DOD maintains stake in key IT programs

Marking its first increase in spending since the end of the Cold War, the Defense Department made a concerted effort in its fiscal 2000 budget proposal to strike a balance between immediate personnel and readiness concerns and the need for investment in future information technologies.

Although DOD's $268 billion budget included healthy investments in IT, such as more than $100 million each for desktop computer initiatives in the Marine Corps and the Navy, Defense Secretary William Cohen said the central goal of the fiscal 2000 budget was "to preserve America's military strength."

In addition, Cohen said continuing with the elements of the department's Defense Reform Initiative, such as paperless contracting and commercial best practices, was a key factor in DOD's fiscal 2000 plans.

According to Cohen, DOD's efforts to streamline its business practices are "imperative" to freeing up funds needed for critical modernization programs and personnel issues. In one such effort, DOD plans to compete up to 229,000 base operating support positions throughout the department—a move that will save the department $11 billion through fiscal 2005, Cohen said.

However, DOD pumped the bulk of its funding increases into its uniformed personnel by funding pay raises and "quality of life" initiatives designed to improve working and living conditions.

DOD needs to make these investments to retain key personnel, including IT professionals, who may be lured by high salaries into industry, according to Adm. Jay Johnson, chief of naval operations.

But the Navy also must "shape a career path" to retain talented technology professionals, Johnson said. In fact, the Navy's retention record is so poor, Johnson said, that "we'd get fired in industry for throwing people away."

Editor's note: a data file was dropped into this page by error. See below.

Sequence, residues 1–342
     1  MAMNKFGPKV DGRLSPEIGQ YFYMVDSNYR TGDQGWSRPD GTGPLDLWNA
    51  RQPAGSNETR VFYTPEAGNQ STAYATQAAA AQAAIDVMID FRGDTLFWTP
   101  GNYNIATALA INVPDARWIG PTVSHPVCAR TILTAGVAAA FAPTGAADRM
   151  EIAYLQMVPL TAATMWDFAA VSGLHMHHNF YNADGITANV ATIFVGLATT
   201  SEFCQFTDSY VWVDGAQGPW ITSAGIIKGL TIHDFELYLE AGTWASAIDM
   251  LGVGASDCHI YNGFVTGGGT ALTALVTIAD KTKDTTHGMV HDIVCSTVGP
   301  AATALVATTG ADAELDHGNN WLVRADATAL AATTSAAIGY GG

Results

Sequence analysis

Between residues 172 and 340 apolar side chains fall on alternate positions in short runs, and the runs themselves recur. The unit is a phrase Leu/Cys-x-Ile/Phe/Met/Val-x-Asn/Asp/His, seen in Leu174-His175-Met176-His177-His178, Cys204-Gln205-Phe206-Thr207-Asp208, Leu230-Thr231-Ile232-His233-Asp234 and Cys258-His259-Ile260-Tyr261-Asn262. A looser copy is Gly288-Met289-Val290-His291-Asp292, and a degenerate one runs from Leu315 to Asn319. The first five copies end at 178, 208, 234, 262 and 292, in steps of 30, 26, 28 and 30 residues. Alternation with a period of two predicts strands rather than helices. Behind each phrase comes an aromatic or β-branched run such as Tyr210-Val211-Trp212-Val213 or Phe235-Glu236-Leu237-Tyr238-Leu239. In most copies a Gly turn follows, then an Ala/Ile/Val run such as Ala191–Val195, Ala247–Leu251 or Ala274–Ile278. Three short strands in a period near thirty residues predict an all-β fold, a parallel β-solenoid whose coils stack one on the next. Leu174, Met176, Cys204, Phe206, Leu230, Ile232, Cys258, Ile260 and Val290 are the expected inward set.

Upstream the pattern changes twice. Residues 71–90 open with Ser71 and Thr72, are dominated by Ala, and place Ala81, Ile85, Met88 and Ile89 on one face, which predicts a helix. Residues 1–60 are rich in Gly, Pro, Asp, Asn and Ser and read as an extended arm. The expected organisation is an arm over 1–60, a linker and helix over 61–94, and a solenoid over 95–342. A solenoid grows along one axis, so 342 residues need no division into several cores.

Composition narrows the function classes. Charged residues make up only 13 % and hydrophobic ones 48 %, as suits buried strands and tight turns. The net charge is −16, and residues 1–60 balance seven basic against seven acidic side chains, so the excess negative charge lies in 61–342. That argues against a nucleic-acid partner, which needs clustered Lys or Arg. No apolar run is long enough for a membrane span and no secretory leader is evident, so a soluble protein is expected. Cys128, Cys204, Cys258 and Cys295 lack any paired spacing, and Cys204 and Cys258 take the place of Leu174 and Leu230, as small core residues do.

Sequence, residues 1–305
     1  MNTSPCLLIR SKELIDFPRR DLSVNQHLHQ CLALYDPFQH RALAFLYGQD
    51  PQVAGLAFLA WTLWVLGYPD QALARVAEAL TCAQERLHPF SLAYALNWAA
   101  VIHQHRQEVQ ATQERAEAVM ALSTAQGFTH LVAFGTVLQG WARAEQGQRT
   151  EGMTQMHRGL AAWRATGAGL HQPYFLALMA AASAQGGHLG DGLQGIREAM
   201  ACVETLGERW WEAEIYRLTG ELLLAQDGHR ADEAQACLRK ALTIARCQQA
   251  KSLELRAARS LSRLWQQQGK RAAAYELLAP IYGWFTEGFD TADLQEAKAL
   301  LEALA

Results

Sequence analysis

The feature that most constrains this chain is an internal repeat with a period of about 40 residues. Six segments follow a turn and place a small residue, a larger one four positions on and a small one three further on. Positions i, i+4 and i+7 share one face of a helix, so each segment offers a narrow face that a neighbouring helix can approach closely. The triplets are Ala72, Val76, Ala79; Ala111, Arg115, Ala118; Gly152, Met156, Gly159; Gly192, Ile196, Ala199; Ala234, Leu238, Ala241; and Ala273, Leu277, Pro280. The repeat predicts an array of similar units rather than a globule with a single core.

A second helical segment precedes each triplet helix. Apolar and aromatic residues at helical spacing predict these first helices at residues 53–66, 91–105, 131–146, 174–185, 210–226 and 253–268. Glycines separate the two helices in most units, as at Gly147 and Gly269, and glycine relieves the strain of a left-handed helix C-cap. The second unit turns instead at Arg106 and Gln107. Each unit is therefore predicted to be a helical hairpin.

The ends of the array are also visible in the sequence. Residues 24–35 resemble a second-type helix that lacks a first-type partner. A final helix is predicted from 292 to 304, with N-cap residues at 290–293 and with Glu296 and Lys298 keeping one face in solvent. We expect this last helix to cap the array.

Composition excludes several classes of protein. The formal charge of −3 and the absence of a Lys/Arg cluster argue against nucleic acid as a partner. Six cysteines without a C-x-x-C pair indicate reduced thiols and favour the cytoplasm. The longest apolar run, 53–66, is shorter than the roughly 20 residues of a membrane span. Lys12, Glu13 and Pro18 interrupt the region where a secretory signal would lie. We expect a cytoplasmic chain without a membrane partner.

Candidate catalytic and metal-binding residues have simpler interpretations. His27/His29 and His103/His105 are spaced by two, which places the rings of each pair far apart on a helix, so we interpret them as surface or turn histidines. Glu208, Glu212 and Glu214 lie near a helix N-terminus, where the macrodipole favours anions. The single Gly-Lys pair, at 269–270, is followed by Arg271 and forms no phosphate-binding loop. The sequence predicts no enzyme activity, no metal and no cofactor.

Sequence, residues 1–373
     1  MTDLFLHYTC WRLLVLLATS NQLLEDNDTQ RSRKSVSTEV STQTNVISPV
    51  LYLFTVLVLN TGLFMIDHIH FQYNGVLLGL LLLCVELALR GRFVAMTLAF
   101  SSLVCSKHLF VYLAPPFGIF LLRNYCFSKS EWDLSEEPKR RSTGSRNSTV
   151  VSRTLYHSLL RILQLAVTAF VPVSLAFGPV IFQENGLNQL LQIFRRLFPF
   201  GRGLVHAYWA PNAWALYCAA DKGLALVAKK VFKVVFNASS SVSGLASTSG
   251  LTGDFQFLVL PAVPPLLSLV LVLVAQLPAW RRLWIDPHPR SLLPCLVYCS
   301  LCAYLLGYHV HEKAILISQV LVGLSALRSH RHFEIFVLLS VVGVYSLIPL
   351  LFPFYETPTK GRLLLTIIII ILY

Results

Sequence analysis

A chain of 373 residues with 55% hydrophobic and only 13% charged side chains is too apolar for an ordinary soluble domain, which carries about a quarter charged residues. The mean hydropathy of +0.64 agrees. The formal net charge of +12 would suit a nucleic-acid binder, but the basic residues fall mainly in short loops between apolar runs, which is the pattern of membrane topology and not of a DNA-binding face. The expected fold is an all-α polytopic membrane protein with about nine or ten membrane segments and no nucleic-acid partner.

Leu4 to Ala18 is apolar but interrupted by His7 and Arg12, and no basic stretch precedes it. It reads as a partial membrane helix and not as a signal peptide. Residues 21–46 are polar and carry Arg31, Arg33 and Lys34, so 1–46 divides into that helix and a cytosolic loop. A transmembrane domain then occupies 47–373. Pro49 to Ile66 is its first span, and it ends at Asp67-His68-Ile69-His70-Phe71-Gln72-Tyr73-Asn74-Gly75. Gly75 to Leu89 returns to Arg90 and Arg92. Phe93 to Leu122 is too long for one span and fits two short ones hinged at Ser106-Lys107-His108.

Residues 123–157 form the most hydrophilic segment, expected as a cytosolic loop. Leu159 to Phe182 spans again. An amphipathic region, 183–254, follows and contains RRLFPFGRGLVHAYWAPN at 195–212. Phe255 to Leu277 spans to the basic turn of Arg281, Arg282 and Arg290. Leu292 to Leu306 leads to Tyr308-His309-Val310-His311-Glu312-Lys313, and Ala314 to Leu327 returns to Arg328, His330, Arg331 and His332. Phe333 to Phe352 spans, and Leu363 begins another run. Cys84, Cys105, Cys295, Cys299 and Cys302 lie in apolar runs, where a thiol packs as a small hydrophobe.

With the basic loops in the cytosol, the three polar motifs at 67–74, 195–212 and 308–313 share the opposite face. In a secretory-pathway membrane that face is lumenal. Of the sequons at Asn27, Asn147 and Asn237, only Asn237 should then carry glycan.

Air Force: Comm Takes Back Seat

Fiscal 2000 budget constraints prevented the Air Force from attending to all of its global communications and base-level command, control, communications and intelligence infrastructure needs, according to a senior Air Force official.

While the Air Force still plans to upgrade the underlying network systems at bases around the world, the fiscal 2000 budget shifts money to boost salaries and take other steps to maintain manpower levels. The Air Force also needs to carry out another round of base closures, as required by the Defense Base Realignment and Closure Act of 1990, while still buying the equipment needed to maintain an adequate force.

The Air Force began its Global Grid program in 1997, earmarking $1.2 billion over five years to fund the installation of fiber-optic cabling, Asynchronous Transfer Mode switches, hubs and routers at up to 108 bases. This year, the Air Force's $79 billion budget includes $123 million for base information infrastructure, only $2 million more than the fiscal 1999 budget.

"We didn't get to do fiber [optics] to the desktop," a senior Air Force official said. The Air Force plans to put "the very next dollar" that becomes available in future budgets toward infrastructure, the official said.

Navy/Marines: IT-21 Focused

The Navy won a $135 million funding increase for its Information Technology for the 21st Century project, designed to provide high-speed networking to major ships and key bases.

This funding "will keep us on track for full IT-21 installations on our deploying Carrier Battle Groups and Amphibious Ready Groups," said Adm. Archie Clemins, commander in chief of the Pacific Fleet and the architect of the IT-21 project. "The remainder will be spent toward the establishment of a Navy-wide corporate intranet by the fall of 2001."

A Pacific Fleet spokesman said the funding increase includes $80 million for shipboard local-area networks and automated digital network control systems, $14 million for satellite terminals and $20 million for shore installations.

Johnson said IT-21 already has started to provide operational payoffs to the Navy. Speaking to the West '99 conference last month in San Diego, Johnson said that Rear Adm. Bill Putnam, commander of ships in the USS Lincoln Carrier Battle Group, which recently returned from operations in the Persian Gulf, reported that IT-21 provided him with "speed and ease of planning [that] changed what he was able to that it was the centerpiece of his post-deployment report."